Kirk Obee – US National Criterium Champ
We recently were given the chance to talk to Kirk Obee – another home-grown hopeful, by Ray Cipollini, the Business Manager for the Navigators Pro Cycling Team. Kirk is the reigning USPRO Criterium National Champion, and the proud wearer of the stars and stripes jersey that goes with the title. After scoring 8 wins in 1999m Kirk rurned pro in 2000, and is now in his second season with the Navigators. You can read more about Kirk and the team at their website: https://www.navpro.com/home.
But for now, here’s what Kirk had to say to our “10 Questions”.
PCN1. What are your main objectives for the season and what type of preparation have you done?
Kirk – One was to have a successful European trip which I’ve already done and am now on my second trip to Europe which I hope is also successful. As far as
the rest of the season to win US Pro Road Championships is a big goal and also to defend my US Pro Criterium title. It’s nice to wear the stars and stripes in Crits. but I really want to be able to wear it all the time.
PCN – What about training and prep?
Kirk – A good winter base along with racing and rest makes for the best form.
PCN 2. What have been the high points of your season so far?
Kirk – Winning the GP de Rennes in France and GP Pino Cerami in Belgium.
PCN – and the low points?
Kirk – Dropping my chain in the final stage of the Sea Otter Classic while I was solo one minute up the road with about 10km left. Once the chasers had me in sight, it was just a matter of time before I was caught.
PCN 3. Which of the 3 Grand Tours is your favorite and why?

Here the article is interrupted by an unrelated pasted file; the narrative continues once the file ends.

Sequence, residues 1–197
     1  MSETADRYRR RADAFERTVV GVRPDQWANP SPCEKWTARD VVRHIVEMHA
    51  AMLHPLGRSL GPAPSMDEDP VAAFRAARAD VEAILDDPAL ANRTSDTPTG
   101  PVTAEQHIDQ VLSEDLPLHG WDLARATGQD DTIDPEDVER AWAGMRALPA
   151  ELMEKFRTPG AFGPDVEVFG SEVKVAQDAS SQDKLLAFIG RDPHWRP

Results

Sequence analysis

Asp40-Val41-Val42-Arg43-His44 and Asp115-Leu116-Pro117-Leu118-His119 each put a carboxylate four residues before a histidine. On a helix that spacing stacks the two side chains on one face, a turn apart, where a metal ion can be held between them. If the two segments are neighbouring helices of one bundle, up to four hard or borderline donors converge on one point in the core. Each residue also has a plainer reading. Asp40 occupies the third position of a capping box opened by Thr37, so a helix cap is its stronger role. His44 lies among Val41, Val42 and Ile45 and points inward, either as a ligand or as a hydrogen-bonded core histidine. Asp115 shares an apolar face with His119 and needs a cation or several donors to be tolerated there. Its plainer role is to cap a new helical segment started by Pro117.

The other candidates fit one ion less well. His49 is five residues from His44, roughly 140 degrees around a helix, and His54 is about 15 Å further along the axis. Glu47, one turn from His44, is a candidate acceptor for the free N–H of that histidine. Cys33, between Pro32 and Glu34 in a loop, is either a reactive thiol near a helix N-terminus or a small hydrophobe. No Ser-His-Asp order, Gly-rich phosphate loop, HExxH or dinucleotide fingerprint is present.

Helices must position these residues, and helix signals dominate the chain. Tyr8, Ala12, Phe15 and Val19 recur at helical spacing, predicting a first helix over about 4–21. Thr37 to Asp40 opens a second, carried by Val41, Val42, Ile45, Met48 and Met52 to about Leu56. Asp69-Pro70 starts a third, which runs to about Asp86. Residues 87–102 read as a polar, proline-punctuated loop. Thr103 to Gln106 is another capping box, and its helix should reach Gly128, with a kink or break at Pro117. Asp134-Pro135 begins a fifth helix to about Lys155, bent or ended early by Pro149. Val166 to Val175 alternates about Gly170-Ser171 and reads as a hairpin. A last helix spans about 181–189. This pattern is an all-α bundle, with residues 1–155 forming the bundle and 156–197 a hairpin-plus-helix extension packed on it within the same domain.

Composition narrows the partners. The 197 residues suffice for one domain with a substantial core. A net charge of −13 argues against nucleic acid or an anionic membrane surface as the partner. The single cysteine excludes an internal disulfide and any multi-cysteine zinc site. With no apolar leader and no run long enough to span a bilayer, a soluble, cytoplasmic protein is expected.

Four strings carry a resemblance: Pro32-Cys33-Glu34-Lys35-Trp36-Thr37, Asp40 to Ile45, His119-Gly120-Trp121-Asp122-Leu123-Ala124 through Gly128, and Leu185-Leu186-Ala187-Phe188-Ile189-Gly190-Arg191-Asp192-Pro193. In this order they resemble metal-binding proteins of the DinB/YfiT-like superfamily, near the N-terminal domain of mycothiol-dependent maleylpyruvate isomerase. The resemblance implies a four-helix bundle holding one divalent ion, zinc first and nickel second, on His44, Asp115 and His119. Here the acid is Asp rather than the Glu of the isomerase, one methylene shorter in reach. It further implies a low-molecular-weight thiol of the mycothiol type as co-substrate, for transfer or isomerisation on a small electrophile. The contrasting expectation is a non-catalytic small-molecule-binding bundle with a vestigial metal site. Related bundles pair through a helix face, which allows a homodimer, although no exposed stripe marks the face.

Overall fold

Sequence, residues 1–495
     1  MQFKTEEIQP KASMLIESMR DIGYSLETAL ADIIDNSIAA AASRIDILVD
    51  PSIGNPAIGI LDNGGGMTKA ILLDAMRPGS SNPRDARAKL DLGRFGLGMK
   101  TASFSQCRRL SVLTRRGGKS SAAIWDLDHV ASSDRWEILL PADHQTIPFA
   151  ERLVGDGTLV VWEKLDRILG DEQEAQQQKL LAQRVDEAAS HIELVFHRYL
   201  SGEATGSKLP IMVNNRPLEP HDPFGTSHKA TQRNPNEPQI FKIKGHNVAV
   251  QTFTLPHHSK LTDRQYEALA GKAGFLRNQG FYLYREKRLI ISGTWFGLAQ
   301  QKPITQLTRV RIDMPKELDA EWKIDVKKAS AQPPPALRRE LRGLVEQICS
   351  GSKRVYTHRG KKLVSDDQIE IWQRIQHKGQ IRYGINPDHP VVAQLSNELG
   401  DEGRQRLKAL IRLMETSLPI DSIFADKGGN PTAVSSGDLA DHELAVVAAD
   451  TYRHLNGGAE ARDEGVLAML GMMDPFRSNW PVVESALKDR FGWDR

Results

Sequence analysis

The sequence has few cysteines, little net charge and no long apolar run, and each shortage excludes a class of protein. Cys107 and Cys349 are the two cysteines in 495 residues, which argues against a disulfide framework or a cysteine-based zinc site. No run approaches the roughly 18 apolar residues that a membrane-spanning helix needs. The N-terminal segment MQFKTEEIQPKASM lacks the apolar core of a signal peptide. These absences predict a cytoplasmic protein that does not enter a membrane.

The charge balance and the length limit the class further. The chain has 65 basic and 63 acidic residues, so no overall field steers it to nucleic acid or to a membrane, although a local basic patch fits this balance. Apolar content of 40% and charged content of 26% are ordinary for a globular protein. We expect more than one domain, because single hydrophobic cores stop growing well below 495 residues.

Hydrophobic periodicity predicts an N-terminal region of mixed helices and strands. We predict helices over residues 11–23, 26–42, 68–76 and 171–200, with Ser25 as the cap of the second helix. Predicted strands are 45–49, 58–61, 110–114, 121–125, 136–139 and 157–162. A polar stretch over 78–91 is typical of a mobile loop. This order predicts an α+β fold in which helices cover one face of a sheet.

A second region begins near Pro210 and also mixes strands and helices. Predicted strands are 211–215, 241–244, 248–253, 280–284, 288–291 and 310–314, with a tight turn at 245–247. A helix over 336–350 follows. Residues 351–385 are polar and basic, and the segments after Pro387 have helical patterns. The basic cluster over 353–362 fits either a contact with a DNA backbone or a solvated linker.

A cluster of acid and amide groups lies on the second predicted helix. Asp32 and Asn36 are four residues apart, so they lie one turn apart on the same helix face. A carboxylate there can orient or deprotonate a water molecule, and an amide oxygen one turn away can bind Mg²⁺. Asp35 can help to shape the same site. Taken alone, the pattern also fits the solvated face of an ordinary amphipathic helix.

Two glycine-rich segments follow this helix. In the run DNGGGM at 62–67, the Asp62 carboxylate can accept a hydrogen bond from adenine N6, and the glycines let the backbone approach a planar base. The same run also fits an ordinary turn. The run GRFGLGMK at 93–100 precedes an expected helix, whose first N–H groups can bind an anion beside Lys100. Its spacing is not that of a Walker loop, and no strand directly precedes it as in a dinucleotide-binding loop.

Kirk – Tour de France. It’s the biggest of the three and what everyone holds as the standard for excellence in racing.
PCN 4. How did you get started in bicycle racing and what motivated you to become a professional bike racer?
Kirk – For some reason I had an interest in racing bicycles at my local bike shop at a young age. I would go riding for fun around a lake near my house which was about 12 miles round trip. When I found out it was possible to race my bike I tried it out and after that first race, which was a time trial I was hooked.
After I was hooked on bicycling racing and saw how different it was from any other sport I had done it got in my blood. I progressively got better as I got older. The big turning point for me was when I qualified for the
US Junior World’s Team, which was my biggest goal at that time and I accomplished it. So, I went to San Marino, Italy to compete in Worlds and that’s when I knew it was something I wanted to do for the rest of my life.
PCN 5. What do you learn as a professional racer that is valuable in otherareas of your life?
Kirk – It teaches a great work ethic which can carry over to anything else in life. I have a good friend who raced for many years as a junior and senior then gave it up to bum around for a while. After time off he decided he
wanted to go back to school. When he began studying and going to class it was all easy compared to cycling.
PCN 6. If you were not a professional racer, what do you think you would be doing?
Kirk – I don’t know and I don’t want to know.
PCN 7. Before a race do you follow any specific routine or ritual for good luck?
Kirk – Not really. Every race is different and in a different place. Staying relaxed physically and mentally is key.
PCN 8. What advice would you give to a young rider looking to to be successful in the pro peloton?
Kirk – Be patient. Unless you’re one of the those freaky young guys who has success right away, know that your time will come sooner or later.
PCN 9. Is there anything else you’d like to share with our readers that we haven’t asked?
Kirk – I’m going to be a Dad at the end of September and I can’t wait! It will be nice to have something